Laminated with the photograph is a hologram and a 'photo-certificate.' I would have expected the certificate to be intaglio printed but it looks computer printed.

The 1/64 stater came with tiny slip of paper saying 'NGC has not certified this coin' because of 'other' with 'size' written by hand. This paper is wrong: the coin was certified by NGC. The certificate team seems to lack slips saying 'NGC has not encapsulated this coin' and is repurposing 'reject' slips.

My other photo-certified coin, a plated obol, should be visible at but it seems NGC did not upload the picture. The plated obol's photo-certificate includes the annotation 'ancient forgery' and this important information is not present on the verification page. I was happily surprised to learn the ancient counterfeits can be certified, as the web site claims 'NGC Ancients will only grade coins it believes to be genuine.' Leaving the forgery annotation off the web verification page seems like a major omission. It is also confusing to have a certificate that says 'ancient forgery' on one side and 'genuine, original' on the other, even though all serious collectors will understand what is meant.

I have been impressed with NGC's creation of the numerical ratings for Strike and Surface as distinct from wear grade. Acquiring a few NGC-graded coins changed the way I think about a coin's condition. Although I still struggle to understand all the nuances of 'Surface' I find NGC does a good job grading ancient coins.

It is unfortunate the industry hasn't come up with a reclosable slab yet, but NGC's photo certificate has a lot of potential until such a slab is invented.

Sunday, March 22, 2015

Kushano-Sasanian coins are kind of interesting

Last week I posted on import restrictions on Roman coins. That post got 13 replies -- a much higher volume than my usual posts. Looking over my earlier posts, I see 16 posts that received zero comments and then one on import restrictions on Egyptian coins that somehow got 12 replies. It seems my readership is mostly interested in Customs issues.

When I started this blog I had hoped to write about computers and ancient coins, but those posts seem to attract little interest. In the past I have asked readers what they want to see here, but have gotten merely generic encouragement.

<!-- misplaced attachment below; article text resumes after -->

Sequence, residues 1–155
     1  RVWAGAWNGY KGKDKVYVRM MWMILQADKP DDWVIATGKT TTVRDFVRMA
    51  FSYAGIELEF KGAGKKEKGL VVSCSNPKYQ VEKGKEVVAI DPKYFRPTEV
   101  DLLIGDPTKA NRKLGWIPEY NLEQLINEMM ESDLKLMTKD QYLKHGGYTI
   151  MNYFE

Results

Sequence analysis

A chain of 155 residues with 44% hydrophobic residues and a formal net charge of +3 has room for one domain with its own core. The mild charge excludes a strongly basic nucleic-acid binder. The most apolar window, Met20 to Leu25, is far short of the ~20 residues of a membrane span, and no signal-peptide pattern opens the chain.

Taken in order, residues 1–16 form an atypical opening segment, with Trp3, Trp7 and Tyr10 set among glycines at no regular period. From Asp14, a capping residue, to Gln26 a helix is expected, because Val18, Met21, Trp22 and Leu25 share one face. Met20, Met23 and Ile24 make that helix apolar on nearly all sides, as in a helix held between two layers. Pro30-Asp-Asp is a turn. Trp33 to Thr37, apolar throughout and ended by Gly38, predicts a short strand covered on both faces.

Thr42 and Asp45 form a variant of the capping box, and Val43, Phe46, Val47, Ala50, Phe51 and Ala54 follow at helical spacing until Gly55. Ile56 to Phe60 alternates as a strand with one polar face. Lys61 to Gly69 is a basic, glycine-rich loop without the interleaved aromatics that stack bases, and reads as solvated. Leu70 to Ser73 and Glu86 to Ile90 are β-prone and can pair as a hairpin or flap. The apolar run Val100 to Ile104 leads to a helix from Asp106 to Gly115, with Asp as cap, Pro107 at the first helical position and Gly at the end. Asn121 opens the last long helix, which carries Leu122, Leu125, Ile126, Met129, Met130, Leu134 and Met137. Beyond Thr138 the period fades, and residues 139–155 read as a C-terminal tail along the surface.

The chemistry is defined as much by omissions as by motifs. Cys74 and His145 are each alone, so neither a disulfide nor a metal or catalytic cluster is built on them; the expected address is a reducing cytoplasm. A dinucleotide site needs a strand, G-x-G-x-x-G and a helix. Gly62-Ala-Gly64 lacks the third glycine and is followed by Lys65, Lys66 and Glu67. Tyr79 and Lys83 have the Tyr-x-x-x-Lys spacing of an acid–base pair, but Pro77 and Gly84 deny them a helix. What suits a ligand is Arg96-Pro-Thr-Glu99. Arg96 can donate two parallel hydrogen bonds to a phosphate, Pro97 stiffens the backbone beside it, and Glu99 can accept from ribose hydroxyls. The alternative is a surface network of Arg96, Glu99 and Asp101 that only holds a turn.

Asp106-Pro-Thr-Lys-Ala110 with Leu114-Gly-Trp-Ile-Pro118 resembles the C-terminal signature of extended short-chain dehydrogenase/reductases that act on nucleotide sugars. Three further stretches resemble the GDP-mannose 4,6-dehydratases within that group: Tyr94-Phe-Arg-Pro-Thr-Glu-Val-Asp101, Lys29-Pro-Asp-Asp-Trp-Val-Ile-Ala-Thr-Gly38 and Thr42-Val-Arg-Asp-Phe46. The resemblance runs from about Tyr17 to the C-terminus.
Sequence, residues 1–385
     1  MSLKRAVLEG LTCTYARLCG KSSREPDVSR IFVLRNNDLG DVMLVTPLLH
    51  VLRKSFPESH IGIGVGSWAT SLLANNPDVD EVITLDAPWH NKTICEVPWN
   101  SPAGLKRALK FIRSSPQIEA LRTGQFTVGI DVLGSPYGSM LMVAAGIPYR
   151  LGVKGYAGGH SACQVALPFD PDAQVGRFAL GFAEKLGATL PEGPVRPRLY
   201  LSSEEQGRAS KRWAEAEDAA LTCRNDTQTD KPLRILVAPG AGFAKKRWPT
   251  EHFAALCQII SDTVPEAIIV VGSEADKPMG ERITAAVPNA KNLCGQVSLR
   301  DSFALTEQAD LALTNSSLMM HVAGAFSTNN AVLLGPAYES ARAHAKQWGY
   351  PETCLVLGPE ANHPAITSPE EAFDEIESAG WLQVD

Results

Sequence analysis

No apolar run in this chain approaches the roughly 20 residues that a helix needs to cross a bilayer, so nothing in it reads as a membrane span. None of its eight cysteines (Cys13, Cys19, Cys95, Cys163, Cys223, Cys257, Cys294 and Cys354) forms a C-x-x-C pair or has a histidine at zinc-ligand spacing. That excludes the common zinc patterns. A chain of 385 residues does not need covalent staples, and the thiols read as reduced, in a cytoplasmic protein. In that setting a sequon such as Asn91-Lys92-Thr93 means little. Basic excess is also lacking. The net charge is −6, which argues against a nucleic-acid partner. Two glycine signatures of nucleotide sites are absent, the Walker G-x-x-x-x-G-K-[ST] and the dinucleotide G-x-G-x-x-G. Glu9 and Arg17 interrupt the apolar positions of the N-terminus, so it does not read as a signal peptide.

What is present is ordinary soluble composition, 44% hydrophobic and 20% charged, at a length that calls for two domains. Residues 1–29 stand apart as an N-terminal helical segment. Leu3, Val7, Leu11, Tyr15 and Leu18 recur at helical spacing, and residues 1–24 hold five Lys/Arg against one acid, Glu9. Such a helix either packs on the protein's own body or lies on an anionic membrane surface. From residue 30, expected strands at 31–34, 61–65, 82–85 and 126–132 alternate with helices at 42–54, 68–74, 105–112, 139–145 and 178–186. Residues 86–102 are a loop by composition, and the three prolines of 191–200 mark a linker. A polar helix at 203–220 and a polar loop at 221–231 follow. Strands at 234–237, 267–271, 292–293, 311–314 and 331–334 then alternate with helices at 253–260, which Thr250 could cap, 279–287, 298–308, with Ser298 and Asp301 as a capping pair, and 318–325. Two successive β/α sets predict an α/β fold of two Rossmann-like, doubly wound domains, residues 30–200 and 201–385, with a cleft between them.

Wayne Sayles recently blogged about collecting coins that others ignore. I think Wayne is on to something so I will write about that. Lately I have been interested in pre-Islamic coins and have applied to join the Oriental Numismatic Society.

My latest coin is a Kushano-Sasanian bronze of Peroz I from Balkh circa 245-270 AD. The obverse is said to read ΠIPΩZO OOZOPKO KOÞANO ÞOYO (Peroz the great, Kushan king) and depicts king Peroz standing facing, head left, sacrificing over altar and holding a trident in his left hand.

The reverse is said to read OOPZAOANΔO IAZAΔO (Exhalted God) but I don't know how they get that — I can't make out a single letter on any of the examples I've seen! It depicts the Exhalted God (Siva?) standing facing, holding diadem and trident, before the bull Nandi. The bull has very odd feet on this coin and several other specimens that I have seen.

For those interested in provenance and import issues this coin comes from the collection of Robert N. Cook, Jr. of Graham, North Carolina. The collection was largely assembled 50 years ago in Indian and Afghanistan. Unfortunately I have no documentation for this particular coin before a February 2015 auction.

Wayne's post advises you to collect what others are not interested in. This particular coin sold, unattributed, in a lot of 24 Kushan coins that went for $2 each at auction. They buyer flipped it on eBay for 10x that, misattributed as the Kushan ruler Vasudeva. It is likely that these coins will be more appreciated in a few years after dealers start using the new reference, Kushan, Kushano-Sasanian, and Kidarite Coins: A Catalogue of Coins from the American Numismatic Society, by David Jongeward and Joe Cribb with Peter Donovan. I have not seen that work yet but eagerly anticipate publication.

Saturday, March 21, 2015

False patinas

In Classical Deception (page 54) Wayne Sayles mentions the excellent patinas on Sicilian fake coins starting in the 1990s. After his book was published I noticed copies of the coin Sayles used as an example appearing in the printed catalogs of several dealers.

I was wondering recently if hand-held XRF guns could be used to identify real and false patinas and a web search lead me to a five-year-old post on FORVM by Lloyd Taylor referencing a 2009 paper in Mediterranean Archaeology and Archaeometry. The paper is “Ancient Coins and their Modern Fakes: an Attempt of Physico-Chemical Unmasking” by A. M. Mezzasalma, G. Mondio, T. Serafino, G. De Fulvio, M. Romeo, and A. Salici.

They analyze five fake bronze coins. This is the recipe the forger confessed to:

“…one of the most used recipes for fakes artificial ageing utilizes a solution composed by penthydrated CuSO4 [Copper Sulfate] together with HNO3 [Nitric Acid] and NH4Cl [Ammonium Chloride] in distilled H2O [Water]. In this solution, warmed up until 80‐90°C, the just produced fakes (at about 100 °C) are immersed. Such a bath gives them an artificial patina with an “antique green” colour and a deceptive antiquity appearance. Drops of the above CuSO4 solution on clean bronze surfaces may form dendritic structures with the same characteristics of those observed in our fakes.”

Note: the fake BR02, which the authors couldn't identify, is a Himera gorgoneion / pellets.